|Just a small selection of this week’s bounty.|
Following last year’s ‘What to do with all those courgettes’ post, I thought I’d do the same with tomatoes – except this time with more of a plea for ideas.
Here’s what we normally do with all our toms:
Eating fresh and uncooked
We eat lots of lovely fresh tomato salads, obviously. This tomato and pomegranate molasses salad from Sabrina Gayhour’s Persianacookbook is one of my favourites. I’m also very partial to eating a just-picked tomato, still warm from the sun, cut in half and sprinkled with crunchy Maldon salt. Heaven.
Bruschetta. Skin and deseed the tomatoes, then dice. Mix with chopped garlic, torn basil, olive oil, salt and pepper, and serve on thick slices of toasted (good-quality) bread, drizzled with more oil on top.
This spicy tomato and pepper dip (Ezme) is delicious with bread and other dips, like cacik.
Gazpacho. This cold tomato and cucumber soup is perfect on a baking-hot day, served with giant fried croutons on the side. We use the recipe in our old Moro cookbook, but this Felicity Cloake version looks pretty similar. Eat and think of Red Dwarf (Dwarfers will get it).
Cooking with tomatoes
Thinking about it, in the summer, we mostly use our tomatoes fresh and uncooked. When we do cook with tomatoes, it tends to be a simple pasta sauce, with skinned, chopped tomatoes, basil and garlic. Or I’ll sometimes make this tomato and sourdough soup from Ottolenghi, if we’ve got more tomatoes than we know what to do with.
Cooking with tomatoes tends to be a winter thing for us. In which case, we use our processed, frozen tomatoes. Which brings me to…
Preserving for the winter
We don’t bottle our tomatoes (i.e. preserve in jars, with all that heat-processing malarkey), because I’m still scared of dying from botulism. (Although, I don’t know why. We bottled and heat-processed some peaches last summer and they were both delicious and non-lethal.)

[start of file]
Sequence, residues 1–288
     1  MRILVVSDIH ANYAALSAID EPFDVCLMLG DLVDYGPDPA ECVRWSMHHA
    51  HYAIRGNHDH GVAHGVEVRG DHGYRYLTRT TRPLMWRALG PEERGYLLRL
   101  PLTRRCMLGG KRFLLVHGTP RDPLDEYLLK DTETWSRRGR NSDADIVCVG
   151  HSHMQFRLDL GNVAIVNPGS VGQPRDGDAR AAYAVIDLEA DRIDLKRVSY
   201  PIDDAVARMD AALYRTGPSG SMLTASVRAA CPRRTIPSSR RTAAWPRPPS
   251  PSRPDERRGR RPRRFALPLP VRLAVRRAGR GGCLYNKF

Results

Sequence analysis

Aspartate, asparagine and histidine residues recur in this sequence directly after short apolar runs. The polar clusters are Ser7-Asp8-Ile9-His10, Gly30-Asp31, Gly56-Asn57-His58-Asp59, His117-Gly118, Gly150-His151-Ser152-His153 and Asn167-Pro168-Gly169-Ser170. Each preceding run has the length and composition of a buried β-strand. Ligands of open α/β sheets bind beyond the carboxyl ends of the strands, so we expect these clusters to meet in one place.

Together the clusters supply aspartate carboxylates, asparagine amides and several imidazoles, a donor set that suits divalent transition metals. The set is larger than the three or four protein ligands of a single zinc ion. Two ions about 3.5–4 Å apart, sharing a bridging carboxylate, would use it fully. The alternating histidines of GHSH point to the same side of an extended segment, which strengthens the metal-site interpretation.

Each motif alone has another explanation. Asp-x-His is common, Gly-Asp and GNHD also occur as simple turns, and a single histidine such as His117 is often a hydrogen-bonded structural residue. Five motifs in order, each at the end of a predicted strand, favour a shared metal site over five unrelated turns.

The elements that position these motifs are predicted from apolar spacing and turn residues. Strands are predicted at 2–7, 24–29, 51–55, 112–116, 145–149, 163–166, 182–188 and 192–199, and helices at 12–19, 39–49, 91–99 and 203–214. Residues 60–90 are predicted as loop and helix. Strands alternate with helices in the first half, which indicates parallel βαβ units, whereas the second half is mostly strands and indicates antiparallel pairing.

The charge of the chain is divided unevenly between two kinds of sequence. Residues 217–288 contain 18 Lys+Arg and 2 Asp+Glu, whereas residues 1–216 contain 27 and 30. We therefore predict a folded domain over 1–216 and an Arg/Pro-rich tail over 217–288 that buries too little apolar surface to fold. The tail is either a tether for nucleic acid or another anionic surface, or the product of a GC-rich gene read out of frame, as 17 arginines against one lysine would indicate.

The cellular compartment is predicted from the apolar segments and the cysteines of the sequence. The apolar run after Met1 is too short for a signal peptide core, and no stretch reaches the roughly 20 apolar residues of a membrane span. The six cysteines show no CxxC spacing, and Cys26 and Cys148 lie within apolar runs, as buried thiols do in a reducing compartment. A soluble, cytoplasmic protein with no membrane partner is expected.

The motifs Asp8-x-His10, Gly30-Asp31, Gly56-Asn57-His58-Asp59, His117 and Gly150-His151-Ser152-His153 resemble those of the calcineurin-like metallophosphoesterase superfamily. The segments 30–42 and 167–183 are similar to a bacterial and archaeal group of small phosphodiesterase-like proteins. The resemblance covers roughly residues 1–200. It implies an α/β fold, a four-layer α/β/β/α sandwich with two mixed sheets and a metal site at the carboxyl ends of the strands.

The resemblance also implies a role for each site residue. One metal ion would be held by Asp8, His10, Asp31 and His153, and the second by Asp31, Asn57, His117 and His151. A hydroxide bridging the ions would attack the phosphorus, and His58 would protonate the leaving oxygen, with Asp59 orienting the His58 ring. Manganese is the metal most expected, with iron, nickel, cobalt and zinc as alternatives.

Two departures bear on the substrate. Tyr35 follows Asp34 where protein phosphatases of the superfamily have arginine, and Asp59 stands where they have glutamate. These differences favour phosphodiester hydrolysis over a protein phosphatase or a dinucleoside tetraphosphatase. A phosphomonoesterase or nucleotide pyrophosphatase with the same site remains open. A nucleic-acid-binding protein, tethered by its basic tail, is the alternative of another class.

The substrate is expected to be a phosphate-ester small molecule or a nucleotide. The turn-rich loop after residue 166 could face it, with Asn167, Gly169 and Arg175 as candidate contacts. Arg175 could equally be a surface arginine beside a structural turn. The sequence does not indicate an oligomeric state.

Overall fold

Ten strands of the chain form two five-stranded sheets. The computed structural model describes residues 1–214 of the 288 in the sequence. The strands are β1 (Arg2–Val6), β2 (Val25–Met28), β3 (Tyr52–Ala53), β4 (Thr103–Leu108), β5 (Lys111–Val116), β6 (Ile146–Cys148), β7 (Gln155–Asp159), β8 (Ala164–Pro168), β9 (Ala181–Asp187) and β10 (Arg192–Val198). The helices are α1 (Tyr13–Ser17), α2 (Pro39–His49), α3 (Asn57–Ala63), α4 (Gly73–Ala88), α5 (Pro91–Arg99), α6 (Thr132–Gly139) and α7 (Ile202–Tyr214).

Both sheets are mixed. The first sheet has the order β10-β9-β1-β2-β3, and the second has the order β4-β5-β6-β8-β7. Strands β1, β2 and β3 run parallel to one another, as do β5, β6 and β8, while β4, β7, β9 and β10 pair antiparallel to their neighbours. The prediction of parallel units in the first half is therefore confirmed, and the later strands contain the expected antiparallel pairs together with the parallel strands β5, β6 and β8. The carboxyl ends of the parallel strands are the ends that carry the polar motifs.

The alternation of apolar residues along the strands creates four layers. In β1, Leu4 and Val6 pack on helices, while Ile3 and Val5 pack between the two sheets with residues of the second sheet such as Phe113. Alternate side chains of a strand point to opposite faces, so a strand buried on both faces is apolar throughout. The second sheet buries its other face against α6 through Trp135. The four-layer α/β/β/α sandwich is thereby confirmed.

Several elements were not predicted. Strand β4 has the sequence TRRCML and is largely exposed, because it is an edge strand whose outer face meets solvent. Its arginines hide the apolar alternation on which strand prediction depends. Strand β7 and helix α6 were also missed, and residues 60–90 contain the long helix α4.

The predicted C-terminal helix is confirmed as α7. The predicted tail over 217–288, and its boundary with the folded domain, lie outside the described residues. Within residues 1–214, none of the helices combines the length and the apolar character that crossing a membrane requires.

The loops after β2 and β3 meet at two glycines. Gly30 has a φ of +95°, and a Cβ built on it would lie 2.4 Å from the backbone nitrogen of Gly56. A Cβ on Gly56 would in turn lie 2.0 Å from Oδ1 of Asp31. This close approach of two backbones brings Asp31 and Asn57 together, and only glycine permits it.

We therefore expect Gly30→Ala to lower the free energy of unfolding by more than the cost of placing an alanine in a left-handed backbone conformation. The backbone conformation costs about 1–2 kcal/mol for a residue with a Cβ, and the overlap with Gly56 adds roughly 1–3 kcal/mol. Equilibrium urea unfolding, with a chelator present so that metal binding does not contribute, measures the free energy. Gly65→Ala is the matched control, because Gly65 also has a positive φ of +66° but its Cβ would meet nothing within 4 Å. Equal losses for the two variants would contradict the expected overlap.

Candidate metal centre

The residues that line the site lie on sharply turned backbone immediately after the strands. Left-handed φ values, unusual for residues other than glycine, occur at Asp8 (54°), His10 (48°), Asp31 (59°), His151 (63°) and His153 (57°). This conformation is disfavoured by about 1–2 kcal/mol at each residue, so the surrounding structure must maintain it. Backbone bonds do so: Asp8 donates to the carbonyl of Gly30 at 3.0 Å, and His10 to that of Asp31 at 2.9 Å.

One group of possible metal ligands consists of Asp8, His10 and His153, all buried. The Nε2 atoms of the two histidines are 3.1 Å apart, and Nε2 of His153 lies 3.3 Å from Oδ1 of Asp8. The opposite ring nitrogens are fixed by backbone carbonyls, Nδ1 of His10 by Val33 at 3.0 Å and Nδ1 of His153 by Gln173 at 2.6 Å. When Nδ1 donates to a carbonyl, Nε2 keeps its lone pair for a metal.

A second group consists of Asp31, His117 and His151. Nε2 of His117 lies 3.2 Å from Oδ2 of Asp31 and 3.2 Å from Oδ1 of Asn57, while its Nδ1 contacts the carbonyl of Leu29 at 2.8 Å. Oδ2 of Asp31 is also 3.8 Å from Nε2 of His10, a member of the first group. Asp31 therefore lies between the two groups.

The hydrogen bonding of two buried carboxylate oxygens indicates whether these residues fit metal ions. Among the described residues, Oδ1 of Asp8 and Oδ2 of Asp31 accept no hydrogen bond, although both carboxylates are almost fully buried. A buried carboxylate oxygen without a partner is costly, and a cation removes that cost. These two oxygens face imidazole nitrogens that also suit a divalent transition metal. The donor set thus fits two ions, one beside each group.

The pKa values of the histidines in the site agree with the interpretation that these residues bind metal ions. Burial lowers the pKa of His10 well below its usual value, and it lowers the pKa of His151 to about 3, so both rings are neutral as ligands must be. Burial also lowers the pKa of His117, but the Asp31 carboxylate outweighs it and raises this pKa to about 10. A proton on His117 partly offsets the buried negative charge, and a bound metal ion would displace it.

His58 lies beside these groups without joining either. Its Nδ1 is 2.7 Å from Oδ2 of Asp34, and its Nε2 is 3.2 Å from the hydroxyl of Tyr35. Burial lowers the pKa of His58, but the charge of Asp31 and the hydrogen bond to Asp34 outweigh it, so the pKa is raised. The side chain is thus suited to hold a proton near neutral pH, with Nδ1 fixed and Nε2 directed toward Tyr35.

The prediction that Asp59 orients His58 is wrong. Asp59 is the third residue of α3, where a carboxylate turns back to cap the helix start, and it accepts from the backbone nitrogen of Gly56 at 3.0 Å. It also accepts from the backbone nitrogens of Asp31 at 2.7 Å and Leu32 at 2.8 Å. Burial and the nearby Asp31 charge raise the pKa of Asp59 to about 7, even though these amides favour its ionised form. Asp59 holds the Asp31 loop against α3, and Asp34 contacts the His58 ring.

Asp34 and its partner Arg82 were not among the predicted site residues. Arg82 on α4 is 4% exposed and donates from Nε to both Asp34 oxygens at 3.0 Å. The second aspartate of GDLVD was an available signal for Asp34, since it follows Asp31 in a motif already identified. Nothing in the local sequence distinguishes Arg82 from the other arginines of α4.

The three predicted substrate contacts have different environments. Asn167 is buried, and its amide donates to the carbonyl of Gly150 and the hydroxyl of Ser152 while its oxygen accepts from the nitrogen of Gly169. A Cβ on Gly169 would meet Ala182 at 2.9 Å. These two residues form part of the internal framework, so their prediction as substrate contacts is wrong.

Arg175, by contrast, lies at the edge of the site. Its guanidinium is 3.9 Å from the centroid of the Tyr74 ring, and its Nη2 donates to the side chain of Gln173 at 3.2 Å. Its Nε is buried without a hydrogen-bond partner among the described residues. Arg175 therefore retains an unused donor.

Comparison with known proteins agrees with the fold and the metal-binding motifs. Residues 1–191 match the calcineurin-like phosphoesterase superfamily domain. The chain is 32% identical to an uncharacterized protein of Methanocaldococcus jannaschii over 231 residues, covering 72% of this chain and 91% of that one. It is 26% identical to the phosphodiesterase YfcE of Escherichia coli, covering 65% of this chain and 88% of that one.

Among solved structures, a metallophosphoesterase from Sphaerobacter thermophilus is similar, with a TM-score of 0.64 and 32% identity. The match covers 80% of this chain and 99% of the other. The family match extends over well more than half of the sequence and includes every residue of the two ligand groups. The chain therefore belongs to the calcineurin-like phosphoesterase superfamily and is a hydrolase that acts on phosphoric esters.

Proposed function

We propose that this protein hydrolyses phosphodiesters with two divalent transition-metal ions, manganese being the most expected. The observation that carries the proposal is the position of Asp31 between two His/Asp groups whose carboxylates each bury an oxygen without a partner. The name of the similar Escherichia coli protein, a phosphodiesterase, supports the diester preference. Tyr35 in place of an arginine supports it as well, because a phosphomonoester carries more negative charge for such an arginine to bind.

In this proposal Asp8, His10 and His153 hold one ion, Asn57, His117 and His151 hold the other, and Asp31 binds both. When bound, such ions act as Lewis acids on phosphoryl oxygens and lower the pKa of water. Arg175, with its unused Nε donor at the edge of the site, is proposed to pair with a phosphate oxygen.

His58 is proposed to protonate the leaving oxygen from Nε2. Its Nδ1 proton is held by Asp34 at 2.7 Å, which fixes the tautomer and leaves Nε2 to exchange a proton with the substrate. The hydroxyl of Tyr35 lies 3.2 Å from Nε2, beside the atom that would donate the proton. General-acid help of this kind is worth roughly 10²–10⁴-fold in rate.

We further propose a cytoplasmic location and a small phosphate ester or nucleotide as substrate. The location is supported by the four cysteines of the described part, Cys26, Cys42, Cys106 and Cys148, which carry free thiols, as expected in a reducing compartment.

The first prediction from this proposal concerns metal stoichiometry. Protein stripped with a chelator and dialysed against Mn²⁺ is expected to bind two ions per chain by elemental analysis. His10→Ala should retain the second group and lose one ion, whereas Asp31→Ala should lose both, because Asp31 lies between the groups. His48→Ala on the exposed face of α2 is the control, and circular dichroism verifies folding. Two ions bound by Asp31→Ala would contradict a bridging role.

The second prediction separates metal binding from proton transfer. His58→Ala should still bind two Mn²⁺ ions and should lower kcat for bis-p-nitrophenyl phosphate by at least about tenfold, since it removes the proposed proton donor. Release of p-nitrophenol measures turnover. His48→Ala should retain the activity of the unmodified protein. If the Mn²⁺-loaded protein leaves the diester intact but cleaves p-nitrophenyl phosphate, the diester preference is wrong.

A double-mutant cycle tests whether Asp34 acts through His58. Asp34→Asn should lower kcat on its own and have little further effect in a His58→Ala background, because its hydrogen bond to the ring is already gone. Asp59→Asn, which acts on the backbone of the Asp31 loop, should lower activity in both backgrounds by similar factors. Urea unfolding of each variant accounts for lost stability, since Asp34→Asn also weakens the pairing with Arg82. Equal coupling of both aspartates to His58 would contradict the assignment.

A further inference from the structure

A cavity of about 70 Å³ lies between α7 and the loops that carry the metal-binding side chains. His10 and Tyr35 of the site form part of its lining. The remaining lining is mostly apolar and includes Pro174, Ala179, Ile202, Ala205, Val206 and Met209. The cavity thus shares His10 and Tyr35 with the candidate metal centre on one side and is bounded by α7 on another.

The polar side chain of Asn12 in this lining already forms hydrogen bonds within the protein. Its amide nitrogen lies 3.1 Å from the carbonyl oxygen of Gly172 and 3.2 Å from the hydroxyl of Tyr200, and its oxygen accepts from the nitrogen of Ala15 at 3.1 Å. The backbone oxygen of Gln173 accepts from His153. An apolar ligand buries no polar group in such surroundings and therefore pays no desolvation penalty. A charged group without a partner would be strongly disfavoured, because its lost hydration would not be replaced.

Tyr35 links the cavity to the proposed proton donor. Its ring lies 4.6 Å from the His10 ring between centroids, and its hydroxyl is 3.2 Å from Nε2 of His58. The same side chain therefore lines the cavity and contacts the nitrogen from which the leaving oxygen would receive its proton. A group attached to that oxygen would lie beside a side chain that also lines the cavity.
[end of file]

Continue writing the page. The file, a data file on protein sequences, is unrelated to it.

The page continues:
Instead, we cook a massive batch of tomatoes down, say, once a week – without faffing around with skinning or deseeding first, just roughly chop and bung them in a big-ass pan. Simmer until the mixture has reduced down to a consistency that’s perfect for stews, curries, soups, etc. This takes an hour or two, depending on how much mixture you’ve got in the pan, size of pan, and so on. Then we blend it up and sieve off the skin and seeds. And voila, homemade passata. We ladle the passata into food bags (each bag being enough for one batch of soup or stew or whatever), label the bags and store in the freezer. You’re probably only supposed to keep this sort of stuff in the freezer for a few months, but we have no problems storing frozen passata for up to a year.
Rob also makes tomato ketchup every year (using this recipe, but doubled). It’s runnier than shop-bought ketchup, but very tasty.
Every couple of years, I also make some chutney with tomatoes, apples, pears, onions and various spices (sometimes dates, too). But we so rarely eat chutney, I’ve still got jars on the shelf that are years’ old. Let’s just say there’s no need to make chutney this year…
I’m also toying with the idea of drying tomatoes in the sun, then storing in oil. Anyone done this?
What do you do with your tomatoes? Which tomato recipes couldn’t you live without? And what’s your favourite way to preserve all that sunshine for the winter?
Liytenitsa takes copious amounts of tomato paste?
Oh, hi Claire. If you don't have a go-to salsa recipe, check out the Lazy Salsa and the Salsa Mexicana recipes here to start. And if want to have a go at growing tomatillos next summer once you see these recipes, let me know, and I'll send some seeds!
Still hurricane-free in 2019! Mike
Mike! Lovely to hear from you, and thanks for the salsa tip. We're also hurricane-free, in case you were wondering…
Yeah, but how much liytenitsa can two people really eat??